Each day it seems we’re learning more about the marvelous miracle that is our intestinal microbiome – the collection of bacteria, yeasts, and viruses that live in our gut and do an enormous amount of work to keep us healthy. Amongst the many accomplishments our microbiome could boast are manufacturing vitamins (they help produce Vitamin D and Vitamin K), detoxifying environmental toxins (they can even break down some heavy metals and help us eliminate excess estrogen), keeping our mind and mood steady, and keeping our weight down and regulating inflammation.
We also know that what we put in our bodies, from foods to medications, has an impact on this precious reservoir of organisms. The impact of antibiotics, and particularly the rampant antibiotic overuse that has become so prevalent, on our gut microbiome has become increasingly evident as research continues to emerge on the importance of our microbiome to our health. Disruptions in the microbiome have been associated with diabetes, weight problems, anxiety, depression, autoimmune disease, sugar cravings, fatigue, PCOS, fertility, immune health, adrenal dysregulation, and much more.
It makes sense that antibiotics would be harmful to gut bugs – after all, they don’t necessarily discriminate. They take out some of the good guys, along with the bad. But it was surprising to learn that antibiotics aren’t the only drugs that are doing some serious harm to the microbiome. According to new research published in Nature, more than one in four non-antibiotic drugs – including over-the-counter acid-blocking drugs like Prilosec and commonly-prescribed drugs like the diabetes medication metformin, also used to treat PCOS, inhibit the growth of beneficial bacteria in the gut.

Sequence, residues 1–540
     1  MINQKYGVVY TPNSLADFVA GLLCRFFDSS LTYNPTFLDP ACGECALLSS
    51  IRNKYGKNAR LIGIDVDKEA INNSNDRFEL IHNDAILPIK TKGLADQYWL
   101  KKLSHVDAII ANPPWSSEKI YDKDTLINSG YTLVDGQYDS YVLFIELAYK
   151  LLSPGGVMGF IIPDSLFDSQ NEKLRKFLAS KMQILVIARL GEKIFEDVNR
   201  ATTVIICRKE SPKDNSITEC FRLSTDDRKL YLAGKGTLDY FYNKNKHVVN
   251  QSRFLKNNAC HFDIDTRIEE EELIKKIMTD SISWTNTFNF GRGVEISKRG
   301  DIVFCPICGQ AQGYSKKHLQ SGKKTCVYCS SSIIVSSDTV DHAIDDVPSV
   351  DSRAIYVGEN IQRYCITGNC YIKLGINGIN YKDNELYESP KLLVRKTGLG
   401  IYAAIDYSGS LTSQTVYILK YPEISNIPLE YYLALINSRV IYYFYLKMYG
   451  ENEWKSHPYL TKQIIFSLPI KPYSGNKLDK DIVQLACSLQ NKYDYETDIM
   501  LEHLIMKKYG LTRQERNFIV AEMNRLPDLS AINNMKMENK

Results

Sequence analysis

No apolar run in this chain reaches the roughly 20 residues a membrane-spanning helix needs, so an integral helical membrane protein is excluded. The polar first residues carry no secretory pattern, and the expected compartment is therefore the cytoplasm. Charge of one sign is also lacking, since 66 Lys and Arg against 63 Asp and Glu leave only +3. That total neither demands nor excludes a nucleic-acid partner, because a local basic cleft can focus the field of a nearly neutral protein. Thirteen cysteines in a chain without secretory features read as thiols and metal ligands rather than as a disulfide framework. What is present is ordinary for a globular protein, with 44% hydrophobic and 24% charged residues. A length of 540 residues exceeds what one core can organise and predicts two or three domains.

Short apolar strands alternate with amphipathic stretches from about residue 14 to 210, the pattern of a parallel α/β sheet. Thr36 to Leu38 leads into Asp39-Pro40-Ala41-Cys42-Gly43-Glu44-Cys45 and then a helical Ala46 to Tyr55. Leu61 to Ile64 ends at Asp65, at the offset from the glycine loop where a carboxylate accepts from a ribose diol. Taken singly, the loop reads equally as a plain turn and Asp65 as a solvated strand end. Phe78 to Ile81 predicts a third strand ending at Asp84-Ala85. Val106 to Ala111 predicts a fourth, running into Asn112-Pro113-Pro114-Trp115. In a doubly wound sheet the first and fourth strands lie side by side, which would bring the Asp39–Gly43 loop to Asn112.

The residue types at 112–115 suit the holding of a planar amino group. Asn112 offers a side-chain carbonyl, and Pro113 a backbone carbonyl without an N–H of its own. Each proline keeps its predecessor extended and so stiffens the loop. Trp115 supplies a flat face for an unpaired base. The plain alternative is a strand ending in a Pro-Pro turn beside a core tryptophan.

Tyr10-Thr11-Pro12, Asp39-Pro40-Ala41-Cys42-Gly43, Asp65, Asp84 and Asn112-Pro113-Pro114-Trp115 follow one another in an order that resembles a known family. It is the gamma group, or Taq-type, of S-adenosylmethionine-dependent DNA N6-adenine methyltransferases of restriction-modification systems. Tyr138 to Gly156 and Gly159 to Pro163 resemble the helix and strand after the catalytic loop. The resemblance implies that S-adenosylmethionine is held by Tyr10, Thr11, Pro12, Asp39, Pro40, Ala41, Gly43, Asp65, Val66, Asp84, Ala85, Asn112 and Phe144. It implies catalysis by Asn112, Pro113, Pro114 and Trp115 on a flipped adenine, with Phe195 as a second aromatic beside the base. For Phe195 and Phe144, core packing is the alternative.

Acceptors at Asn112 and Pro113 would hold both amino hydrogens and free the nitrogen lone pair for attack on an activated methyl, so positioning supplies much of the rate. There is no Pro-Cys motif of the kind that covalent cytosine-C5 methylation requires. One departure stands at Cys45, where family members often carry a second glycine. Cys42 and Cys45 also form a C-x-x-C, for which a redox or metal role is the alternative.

It makes sense that antibiotics would be harmful to your microbiome, but more than one in four non-antibiotic drugs – including over-the-counter ones – inhibit the growth of beneficial bacteria in the gut.
Those weren’t the only drugs to cause gut trouble. Certain antivirals, antipsychotics, and chemotherapy drugs also had “antibiotic-like” side effects in the gut, according to the data. The researchers were surprised by the number of ‘unrelated’ drugs that had a negative effect on the microbiome.
The study looked at over 1,200 drugs – 923 of which were non-antibiotics – and their effects on 40 bacterial strains often found in the gut, including 38 strains commonly found in healthy individuals. Over twenty-five percent of the non-antibiotic drugs suppressed the growth of beneficial bacteria.
The researchers also found that use of these drugs might promote antibiotic resistance, speculating that the medications cause the number of antibiotic-susceptible bacteria to decline – which makes room for antibiotic-resistant strains to flourish, reports the Center for Infectious Disease Research & Policy (CIDRAP).
I’ve written before about how taking NSAIDs (like ibuprofen) for as little as five days in a row can lead to gastritis, ulcers, and leaky gut syndrome – and how prescription pain medication can lead to constipation (along with far more serious consequences). Now, as we add to the list of medications that damage the gut (and in so doing lead to a whole cascade of other problems, including thyroid problems), we can see a whole modern-day system at work against our beleaguered intestines.
“Taking into account that abundant members of the human gut microbiome are impacted more by drugs,” the researchers write, “one could speculate that pharmaceuticals, used regularly in our times, may be contributing to the decrease in the diversity of microbiomes of modern western societies,”
This news is particularly important in light of the fact that women are disproportionately overmedicated, to the tune of 50% of women over 50 being on at least two daily pharmaceuticals, and that most medications have not been studied in women for safety and appropriate dosing. It gives us even more reason to restock our medicine cabinets with natural remedies, to use pharmaceuticals sparingly and only when necessary, and double down on our use of integrative and alternative therapies for preventing disease, and for treating our symptoms and medical conditions whenever possible.